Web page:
Your Blood Pressure Day 5

Day 5 - Measurement

Morning Morning

Your systolic blood pressure is the top number on your reading
Your diastolic blood pressure is the bottom number on your reading
Your pulse rate is the number of times your heart beats per minute

Evening Evening

Top Number
Bottom Number
Pulse
Systolic Average (Over 5 Days)
Diastolic Average (Over 5 Days)
 
Your Blood Pressure Day 6

Day 6 - Measurement

Morning Morning

Your systolic blood pressure is the top number on your reading
Your diastolic blood pressure is the bottom number on your reading
Your pulse rate is the number of times your heart beats per minute

Evening Evening

Top Number
Bottom Number
Pulse
Systolic Average (Over 6 Days)
Diastolic Average (Over 6 Days)
 
   
Your Blood Pressure Day 7

Day 7 - Measurement

Morning Morning

Your systolic blood pressure is the top number on your reading
Your diastolic blood pressure is the bottom number on your reading
Your pulse rate is the number of times your heart beats per minute

Evening Evening

Top Number
Bottom Number
Pulse
Systolic Average (Over 7 Days)
Diastolic Average (Over 7 Days)
 

Privacy Consent

This form collects personal and medical information about you. We use this information to allow the practice team to contact you. Please read our Privacy Policy to discover how we protect and manage your submitted data.

 
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When should I get my blood pressure tested?

You can ask for a blood pressure test if you're worried about your blood pressure at any point.

You can get your blood pressure tested at a number of places, including:

  • at your local GP surgery
  • at some pharmacies
  • in some workplaces
  • at home (see home blood pressure testing below)
  • at an NHS Health Check appointment offered to adults in England aged 40-74

It's recommended that all adults over 40 years of age have their blood pressure tested at least every five years so any potential problems can be detected early.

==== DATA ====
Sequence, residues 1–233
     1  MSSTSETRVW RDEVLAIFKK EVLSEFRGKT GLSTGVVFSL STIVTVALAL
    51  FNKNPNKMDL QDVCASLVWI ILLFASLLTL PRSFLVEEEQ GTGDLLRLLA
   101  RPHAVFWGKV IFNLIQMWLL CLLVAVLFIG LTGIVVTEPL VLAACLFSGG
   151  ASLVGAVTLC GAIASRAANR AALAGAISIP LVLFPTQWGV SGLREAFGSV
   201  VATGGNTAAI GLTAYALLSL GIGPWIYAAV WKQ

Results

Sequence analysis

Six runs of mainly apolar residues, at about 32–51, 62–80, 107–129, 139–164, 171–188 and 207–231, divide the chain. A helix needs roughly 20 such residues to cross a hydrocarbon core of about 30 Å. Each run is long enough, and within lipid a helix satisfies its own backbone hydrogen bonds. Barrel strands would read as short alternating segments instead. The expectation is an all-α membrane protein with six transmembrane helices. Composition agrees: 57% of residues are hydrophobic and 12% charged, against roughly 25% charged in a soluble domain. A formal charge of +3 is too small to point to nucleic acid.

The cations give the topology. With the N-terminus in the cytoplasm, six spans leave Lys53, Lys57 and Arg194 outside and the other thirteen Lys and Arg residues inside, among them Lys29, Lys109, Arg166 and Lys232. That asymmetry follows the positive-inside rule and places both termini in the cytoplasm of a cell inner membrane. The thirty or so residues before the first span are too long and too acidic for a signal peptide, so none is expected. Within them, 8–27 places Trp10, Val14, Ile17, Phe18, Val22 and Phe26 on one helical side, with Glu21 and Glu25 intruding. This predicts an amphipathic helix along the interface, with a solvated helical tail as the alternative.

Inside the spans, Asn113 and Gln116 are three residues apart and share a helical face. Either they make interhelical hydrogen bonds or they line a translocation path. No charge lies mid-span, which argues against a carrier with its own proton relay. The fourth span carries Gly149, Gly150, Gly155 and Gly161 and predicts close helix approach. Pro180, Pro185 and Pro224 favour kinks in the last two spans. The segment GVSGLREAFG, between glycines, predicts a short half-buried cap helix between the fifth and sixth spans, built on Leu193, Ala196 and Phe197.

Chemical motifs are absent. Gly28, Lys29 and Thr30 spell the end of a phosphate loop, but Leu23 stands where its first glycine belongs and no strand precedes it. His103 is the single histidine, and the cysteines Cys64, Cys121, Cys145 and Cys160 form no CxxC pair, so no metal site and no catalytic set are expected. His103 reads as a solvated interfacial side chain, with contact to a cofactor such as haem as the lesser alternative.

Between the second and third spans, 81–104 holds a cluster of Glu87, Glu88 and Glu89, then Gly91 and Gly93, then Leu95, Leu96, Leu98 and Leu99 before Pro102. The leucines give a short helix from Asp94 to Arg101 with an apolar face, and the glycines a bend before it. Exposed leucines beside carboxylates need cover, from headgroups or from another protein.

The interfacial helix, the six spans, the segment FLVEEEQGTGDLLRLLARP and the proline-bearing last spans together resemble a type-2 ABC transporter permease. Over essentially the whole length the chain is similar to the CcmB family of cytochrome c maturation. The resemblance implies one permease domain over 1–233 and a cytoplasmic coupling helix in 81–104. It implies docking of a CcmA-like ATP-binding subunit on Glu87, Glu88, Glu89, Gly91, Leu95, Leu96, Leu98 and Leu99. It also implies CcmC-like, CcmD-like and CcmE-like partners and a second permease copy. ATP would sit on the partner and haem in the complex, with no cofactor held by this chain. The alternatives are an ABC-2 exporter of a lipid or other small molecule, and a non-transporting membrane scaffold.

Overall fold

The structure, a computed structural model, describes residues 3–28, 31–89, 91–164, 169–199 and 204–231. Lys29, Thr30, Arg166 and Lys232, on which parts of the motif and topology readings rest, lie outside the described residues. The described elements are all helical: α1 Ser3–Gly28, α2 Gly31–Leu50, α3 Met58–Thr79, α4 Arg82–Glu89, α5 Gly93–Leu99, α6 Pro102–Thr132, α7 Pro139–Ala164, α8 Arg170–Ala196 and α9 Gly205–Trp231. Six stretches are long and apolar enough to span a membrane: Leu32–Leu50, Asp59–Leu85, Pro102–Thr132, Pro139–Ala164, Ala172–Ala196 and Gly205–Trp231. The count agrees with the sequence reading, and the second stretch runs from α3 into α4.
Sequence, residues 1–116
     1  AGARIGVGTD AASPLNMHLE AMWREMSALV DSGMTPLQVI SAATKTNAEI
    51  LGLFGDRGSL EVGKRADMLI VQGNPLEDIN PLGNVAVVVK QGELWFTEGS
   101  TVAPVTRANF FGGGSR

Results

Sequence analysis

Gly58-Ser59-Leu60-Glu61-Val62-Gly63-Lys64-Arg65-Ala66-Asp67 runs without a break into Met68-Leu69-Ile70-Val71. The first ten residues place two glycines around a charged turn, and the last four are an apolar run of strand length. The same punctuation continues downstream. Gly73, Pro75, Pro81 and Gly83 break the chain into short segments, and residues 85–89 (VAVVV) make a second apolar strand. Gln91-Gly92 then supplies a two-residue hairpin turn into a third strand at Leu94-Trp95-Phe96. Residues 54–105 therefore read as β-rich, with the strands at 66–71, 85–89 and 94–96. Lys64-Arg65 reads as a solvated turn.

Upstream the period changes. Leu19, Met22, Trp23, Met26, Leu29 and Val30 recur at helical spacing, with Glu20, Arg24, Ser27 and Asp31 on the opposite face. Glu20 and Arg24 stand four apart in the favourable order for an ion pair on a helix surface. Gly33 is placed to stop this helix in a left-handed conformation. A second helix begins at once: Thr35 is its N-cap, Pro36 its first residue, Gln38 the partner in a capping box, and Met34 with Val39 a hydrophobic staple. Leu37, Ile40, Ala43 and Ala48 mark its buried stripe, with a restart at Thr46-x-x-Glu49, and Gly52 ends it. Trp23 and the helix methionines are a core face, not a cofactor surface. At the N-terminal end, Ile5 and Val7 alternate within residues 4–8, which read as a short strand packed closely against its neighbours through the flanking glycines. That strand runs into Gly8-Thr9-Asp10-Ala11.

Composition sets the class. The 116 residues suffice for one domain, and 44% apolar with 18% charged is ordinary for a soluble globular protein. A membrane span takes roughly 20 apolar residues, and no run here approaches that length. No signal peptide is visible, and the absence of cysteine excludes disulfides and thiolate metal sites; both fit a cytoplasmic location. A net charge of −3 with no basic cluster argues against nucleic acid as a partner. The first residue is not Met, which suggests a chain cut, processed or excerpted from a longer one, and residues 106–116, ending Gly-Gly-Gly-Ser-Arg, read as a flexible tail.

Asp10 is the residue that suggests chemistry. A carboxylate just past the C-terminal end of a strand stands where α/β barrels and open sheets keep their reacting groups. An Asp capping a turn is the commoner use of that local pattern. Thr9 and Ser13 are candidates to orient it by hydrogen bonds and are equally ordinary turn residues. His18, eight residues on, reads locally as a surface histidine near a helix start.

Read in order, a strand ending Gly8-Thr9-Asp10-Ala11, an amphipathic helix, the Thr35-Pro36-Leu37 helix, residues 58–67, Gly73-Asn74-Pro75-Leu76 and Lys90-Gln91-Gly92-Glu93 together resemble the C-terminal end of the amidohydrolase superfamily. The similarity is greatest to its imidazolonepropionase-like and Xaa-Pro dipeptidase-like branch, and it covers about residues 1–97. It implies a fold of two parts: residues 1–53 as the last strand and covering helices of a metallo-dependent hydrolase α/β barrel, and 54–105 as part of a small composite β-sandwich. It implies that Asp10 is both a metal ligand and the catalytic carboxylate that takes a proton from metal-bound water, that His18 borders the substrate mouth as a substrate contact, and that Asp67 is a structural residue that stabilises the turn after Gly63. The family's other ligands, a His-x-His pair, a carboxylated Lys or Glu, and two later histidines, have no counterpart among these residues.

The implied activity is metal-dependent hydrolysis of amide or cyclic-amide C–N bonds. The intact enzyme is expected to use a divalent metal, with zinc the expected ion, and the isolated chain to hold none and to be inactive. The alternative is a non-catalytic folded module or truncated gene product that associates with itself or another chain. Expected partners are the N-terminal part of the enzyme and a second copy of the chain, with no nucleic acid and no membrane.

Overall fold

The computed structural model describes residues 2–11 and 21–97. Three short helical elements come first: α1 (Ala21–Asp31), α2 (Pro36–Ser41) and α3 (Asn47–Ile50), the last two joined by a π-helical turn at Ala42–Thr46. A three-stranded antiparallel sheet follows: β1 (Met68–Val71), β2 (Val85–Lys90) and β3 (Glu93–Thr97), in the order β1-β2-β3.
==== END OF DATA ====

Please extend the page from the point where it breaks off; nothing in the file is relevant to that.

If you've already been diagnosed with high or low blood pressure, or you're at a particularly high risk of these problems, you may need to have more frequent tests to monitor your blood pressure.

 

Home blood pressure monitoring

Blood pressure tests can also be carried out at home using your own digital blood pressure monitor.

This can give a better reflection of your blood pressure, as being tested in somewhere like a GP surgery can make you feel anxious and can affect the result. It can also allow you to monitor your condition more easily in the long term.

You can buy a variety of low-cost monitors so you can test your blood pressure at home or while you're out and about.

It's important to make sure you use equipment that has been properly tested. The British Hypertension Society (BHS) has information about validated blood pressure monitors that are available to buy.

 

Controlling your blood pressure

If your blood pressure is found to be too high or too low, your GP or the healthcare professional performing the test can advise you about ways to control it.

This may involve:

In some cases, you may be referred to a doctor such as a cardiologist (heart specialist) to discuss treatment options.

Read more about treating high blood pressure and treating low blood pressure.

 

Page last updated: 9/6/21 15:25